May 17, 2016

Violet Green Tea Soap along with my notes on soaping

Violet Green Tea Soap

8-12 oz of violet leaf and green tea water (I used 9.4 oz)
Lye 4.5 oz
The oils:
17 oz violet infused olive oil
8 oz coconut oil
4 oz sunflower oil
2 oz castor oil
2 oz wheat germ oil
At trace:
1 tsp green tea powder

I love the idea of alchemy.
The thought of one thing magically, or not, turning into something else always seems to amaze me.

Maybe it's because I'd like to think that one thing can completely change and morph into another.  Maybe it is the hope that I have for myself and humanity.

If nothing else, it's just really cool.
Just like bread.  You take flour, a yeast, some water and it changes.

With soap you take oil, water and lye.  Combine them and give them time then they become soap.
I've made soap for several years, but still consider myself a novice and new observer to the process.
I've never blogged about soaping because I feel that there is a danger there that is not present with herbs and I wish to be respectful of it.

I'm not giving a tutorial, but more a recipe I created and liked.  There are many people way more experienced who have guides to teach the process.  I learned from my friend, Lynne, who is a great and patient teacher.  I also learn best by example so finding a teacher was important to me.
Just educate yourself on the process and be safe.

Make sure you and those at home with you are safe.  Soaping isn't a nice and easy family craft in the kitchen for a rainy day.
I mix my lye and water outside so that my house isn't filled with fumes.  I make sure to keep this away from kids and animals.
Wear gloves and consider glasses/goggles and a mask.

This soap has an infused oil of violet flowers and leaves as a base and, instead of water, I made a tea of violet leaf and green tea to mix with the lye.  Violet leaf is very toning and moisturizing to the skin with green tea having antioxidant properties.

Use a reliable Lye Calculator.  I personally run the recipes of others as well as my own through one as I don't want to rely on what someone else says.
Use a scale.  It is too difficult to make  soap otherwise.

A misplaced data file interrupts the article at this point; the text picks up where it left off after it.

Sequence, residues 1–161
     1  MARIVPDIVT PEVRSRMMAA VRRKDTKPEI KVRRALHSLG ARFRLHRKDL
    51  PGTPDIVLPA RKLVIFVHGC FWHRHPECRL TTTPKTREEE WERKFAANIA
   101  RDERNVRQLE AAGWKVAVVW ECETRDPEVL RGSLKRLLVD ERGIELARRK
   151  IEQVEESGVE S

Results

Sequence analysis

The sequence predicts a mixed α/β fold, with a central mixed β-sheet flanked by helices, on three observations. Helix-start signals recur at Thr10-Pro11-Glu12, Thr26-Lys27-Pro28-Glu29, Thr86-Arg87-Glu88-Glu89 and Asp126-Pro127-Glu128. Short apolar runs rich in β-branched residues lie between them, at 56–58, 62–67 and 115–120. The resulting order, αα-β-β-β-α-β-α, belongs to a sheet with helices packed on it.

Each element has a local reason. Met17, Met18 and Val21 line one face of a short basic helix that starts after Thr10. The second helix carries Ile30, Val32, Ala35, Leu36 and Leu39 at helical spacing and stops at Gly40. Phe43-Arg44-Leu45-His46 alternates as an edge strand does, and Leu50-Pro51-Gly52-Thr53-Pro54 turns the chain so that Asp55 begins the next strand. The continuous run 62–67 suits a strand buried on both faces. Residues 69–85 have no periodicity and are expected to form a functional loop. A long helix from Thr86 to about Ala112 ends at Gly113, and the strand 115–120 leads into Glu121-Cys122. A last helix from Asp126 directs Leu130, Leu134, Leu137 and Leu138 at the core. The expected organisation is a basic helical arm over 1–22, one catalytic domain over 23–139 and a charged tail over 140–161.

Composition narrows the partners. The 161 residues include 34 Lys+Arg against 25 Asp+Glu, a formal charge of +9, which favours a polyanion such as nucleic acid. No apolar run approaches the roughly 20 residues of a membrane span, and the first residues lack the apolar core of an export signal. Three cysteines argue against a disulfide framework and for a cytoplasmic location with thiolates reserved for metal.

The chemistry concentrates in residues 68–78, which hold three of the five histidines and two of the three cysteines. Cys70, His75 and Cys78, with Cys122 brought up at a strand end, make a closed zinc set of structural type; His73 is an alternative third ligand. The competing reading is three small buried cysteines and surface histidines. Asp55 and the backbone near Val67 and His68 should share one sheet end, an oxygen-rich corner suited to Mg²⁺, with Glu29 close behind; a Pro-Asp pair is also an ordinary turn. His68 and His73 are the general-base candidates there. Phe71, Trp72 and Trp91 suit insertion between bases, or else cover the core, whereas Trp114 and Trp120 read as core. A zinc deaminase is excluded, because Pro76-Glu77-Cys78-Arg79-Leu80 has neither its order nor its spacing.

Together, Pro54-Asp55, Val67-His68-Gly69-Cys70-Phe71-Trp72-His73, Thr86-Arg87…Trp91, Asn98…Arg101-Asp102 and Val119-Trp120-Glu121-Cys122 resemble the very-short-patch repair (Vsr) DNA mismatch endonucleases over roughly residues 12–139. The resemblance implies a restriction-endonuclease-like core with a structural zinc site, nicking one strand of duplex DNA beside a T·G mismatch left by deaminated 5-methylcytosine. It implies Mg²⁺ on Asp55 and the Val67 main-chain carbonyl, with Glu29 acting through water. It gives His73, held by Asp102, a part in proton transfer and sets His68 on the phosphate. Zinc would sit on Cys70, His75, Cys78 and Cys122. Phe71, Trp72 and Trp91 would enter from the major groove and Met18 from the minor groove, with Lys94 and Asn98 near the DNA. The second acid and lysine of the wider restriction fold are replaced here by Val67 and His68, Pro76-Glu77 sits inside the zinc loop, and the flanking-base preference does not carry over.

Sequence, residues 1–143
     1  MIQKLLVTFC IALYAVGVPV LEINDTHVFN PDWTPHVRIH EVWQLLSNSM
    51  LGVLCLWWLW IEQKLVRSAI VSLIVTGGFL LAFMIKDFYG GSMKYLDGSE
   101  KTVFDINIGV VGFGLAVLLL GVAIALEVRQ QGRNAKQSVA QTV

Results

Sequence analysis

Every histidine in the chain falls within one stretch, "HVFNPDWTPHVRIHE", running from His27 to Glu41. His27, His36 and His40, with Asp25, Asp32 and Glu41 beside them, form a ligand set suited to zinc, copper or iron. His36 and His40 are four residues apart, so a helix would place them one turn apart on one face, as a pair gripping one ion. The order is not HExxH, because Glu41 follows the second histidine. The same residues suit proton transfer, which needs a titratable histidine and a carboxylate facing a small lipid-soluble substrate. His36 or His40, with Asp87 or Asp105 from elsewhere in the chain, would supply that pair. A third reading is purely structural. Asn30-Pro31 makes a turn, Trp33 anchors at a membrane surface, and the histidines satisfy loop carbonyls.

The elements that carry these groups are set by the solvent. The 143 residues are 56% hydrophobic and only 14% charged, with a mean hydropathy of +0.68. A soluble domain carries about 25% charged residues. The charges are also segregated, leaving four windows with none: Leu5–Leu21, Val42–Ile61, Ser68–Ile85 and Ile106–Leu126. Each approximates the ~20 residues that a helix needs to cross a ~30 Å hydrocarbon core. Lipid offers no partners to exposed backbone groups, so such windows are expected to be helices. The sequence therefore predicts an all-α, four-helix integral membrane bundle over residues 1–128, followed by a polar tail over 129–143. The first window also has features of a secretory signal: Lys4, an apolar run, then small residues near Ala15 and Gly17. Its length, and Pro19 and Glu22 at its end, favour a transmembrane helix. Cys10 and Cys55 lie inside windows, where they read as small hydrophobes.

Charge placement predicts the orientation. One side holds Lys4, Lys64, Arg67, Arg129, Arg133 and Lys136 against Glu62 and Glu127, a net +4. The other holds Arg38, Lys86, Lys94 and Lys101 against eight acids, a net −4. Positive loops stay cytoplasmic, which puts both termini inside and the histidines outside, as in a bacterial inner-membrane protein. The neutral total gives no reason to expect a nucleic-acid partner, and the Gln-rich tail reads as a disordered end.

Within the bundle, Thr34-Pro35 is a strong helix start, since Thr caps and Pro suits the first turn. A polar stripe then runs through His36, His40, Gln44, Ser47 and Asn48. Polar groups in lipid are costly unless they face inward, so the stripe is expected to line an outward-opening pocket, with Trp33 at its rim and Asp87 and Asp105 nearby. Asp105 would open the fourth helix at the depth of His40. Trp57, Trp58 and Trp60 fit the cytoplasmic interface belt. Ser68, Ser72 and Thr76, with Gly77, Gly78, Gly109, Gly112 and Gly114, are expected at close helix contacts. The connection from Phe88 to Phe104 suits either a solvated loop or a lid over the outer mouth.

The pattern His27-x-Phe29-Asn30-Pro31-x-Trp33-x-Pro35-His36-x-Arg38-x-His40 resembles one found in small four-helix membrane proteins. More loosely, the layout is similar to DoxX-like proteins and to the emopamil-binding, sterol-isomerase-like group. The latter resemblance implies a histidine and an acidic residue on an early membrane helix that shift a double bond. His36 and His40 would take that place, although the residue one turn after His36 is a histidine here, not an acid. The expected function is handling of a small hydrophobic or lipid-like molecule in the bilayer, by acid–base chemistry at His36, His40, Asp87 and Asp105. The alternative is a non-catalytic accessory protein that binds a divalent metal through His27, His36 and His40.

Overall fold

Experiment with oils.  Remember they all have different characteristics and can lead to different outcomes.  I added wheat germ oil as part of the oil base as I've really fallen in love with it lately.  It has a high vitamin E content and is very nourishing to the skin.  I also add castor oil to all of my batches as it makes the bar a bit harder.
Monitor the temperature of your oils.  I like my oils to be about the same temperature as the lye.  If the lye feels warm, not hot, to the touch through the container, then I look for the oils to be around 110-120 degrees F.
I like to incorporate healing into soap.  The day before, take time to infuse the oil with the energy of the plant.

Have everything out and ready to go.  Some days you'll be waiting forever for the lye to cool, and some times you'll reach trace right away.  There are many variables so being prepared is very important.

Always start with the oils in your bucket and slowly pour the lye water/tea into it.  Every time I make soap I hear my high school Chemistry teacher, Mrs Roderick, saying "Do as you ought to, pour acid into water"  (It rhymes when said Southern and also works for a strong base such as lye).
My oil is green due to the infusion of the violet leaves and flowers.

Matcha green tea is added at trace.  You could probably powder another green tea, but I had this available and used it instead.

I like to use the pringles potato chip cylinders as my soap mold.  I like having a smaller, round bar, and can just rip the container to remove the soap. Feel free to make your own mold.  Just oil it well before use and make sure it is appropriate to hold the soap.
This particular recipe filled one whole can and part of a second.  I probably would've done better to have used the small sizes, but it all turns out the same.

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